One of the key advantages of working within a voxel field is the clarity and consistency it offers. The voxel field serves as a single source of truth, eliminating ambiguity or potential instability. At any point in the design process, we can examine the voxel field and confidently say, “This is how the final object will look.”

To make our geometry kernel even more powerful and versatile, we need to incorporate a few additional functions. One such function is the ability to combine multiple parts using Boolean operations. These operations include Add (combining all voxels), Subtract (removing voxels from another voxel field), and Intersect (retaining only the voxels present in both voxel fields).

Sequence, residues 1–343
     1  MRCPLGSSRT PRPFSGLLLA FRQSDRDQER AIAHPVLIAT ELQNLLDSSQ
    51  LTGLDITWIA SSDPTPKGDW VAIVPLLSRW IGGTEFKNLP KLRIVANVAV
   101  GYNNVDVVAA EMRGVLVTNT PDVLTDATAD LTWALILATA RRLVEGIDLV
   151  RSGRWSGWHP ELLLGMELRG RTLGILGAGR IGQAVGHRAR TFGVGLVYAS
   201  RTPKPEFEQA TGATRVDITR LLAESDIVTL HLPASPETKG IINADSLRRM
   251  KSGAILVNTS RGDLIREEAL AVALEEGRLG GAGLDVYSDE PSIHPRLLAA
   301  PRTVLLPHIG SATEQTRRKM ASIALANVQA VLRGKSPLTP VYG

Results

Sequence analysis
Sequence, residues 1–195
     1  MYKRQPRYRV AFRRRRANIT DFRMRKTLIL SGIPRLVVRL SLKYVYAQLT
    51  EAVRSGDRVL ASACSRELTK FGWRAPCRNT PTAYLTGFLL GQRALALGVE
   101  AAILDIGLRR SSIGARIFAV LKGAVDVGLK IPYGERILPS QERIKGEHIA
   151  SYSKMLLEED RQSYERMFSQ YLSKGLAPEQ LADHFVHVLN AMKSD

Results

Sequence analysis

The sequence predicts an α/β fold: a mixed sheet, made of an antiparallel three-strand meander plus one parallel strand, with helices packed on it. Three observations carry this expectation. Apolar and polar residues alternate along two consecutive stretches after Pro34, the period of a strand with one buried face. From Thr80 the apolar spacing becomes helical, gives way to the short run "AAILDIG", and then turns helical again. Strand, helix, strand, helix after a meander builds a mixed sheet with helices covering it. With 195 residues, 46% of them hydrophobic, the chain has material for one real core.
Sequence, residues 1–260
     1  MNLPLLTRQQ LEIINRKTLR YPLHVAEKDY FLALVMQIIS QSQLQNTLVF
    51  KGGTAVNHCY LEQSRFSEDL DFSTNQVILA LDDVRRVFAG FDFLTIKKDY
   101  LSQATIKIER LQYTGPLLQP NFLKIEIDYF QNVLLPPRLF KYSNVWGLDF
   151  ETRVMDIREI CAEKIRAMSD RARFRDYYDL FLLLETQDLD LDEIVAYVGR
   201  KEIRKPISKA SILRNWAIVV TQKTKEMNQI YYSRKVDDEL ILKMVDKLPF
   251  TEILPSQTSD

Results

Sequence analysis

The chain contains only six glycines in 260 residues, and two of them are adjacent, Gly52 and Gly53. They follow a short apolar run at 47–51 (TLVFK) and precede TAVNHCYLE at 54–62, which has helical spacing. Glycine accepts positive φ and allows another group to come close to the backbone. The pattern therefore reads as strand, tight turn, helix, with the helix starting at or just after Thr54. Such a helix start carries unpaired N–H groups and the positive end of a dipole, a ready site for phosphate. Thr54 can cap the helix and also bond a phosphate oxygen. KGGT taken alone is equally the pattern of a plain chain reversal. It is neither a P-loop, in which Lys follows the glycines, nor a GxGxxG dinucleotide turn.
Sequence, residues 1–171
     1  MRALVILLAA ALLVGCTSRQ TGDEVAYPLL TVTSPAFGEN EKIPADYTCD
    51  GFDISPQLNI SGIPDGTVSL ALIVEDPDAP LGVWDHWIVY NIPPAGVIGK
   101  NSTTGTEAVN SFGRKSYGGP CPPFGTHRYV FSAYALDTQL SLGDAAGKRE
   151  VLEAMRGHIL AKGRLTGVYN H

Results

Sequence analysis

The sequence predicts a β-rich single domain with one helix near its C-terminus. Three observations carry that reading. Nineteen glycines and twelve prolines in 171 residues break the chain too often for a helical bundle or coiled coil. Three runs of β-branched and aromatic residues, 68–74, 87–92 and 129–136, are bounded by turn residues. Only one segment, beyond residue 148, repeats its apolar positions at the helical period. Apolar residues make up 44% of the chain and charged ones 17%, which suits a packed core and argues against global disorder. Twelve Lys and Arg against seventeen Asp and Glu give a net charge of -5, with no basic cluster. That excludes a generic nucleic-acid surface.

Boolean operations in a voxel field are remarkably simple. By comparing the values of each voxel and its counterpart, we can easily apply the desired operation – Add, Subtract, or Intersect. This simplicity and reliability are in stark contrast to the cumbersome and error-prone nature of vector-based Boolean operations commonly used in CAD.

The decision to use voxels as the base geometry representation stems from their inherent suitability for Boolean operations. These operations, known for their complexity and potential failure in vector math, always work flawlessly in voxel fields.